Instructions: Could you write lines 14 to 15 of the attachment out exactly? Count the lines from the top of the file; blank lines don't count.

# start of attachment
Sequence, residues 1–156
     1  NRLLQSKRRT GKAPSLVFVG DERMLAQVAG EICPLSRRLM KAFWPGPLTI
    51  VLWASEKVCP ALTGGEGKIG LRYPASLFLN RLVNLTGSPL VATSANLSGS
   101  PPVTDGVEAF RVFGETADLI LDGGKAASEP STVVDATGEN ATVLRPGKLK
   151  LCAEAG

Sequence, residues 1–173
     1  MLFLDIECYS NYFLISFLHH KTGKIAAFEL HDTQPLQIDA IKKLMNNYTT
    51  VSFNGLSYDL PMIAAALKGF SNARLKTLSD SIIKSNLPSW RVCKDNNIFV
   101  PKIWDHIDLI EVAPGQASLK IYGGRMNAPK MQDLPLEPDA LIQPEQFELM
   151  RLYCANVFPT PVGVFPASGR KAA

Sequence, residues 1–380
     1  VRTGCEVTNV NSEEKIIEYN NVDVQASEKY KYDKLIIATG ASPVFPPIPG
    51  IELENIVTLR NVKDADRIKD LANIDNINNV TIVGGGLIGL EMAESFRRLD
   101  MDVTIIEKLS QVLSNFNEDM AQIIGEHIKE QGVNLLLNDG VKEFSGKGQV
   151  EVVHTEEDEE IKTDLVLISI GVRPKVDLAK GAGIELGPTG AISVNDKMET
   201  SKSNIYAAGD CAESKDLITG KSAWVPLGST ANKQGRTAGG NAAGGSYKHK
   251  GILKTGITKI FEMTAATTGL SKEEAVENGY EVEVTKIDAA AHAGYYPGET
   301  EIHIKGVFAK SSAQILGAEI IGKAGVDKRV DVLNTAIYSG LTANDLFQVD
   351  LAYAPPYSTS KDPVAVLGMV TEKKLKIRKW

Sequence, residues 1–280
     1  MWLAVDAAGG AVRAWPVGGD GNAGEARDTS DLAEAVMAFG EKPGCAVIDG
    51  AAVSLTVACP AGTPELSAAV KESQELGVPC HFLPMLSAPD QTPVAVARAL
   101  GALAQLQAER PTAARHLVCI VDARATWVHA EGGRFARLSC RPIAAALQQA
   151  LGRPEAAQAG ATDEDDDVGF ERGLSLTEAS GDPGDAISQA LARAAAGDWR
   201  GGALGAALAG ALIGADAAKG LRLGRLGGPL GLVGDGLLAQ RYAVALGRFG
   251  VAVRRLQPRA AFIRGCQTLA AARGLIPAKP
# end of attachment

   101  MDVTIIEKLS QVLSNFNEDM AQIIGEHIKE QGVNLLLNDG VKEFSGKGQV
   151  EVVHTEEDEE IKTDLVLISI GVRPKVDLAK GAGIELGPTG AISVNDKMET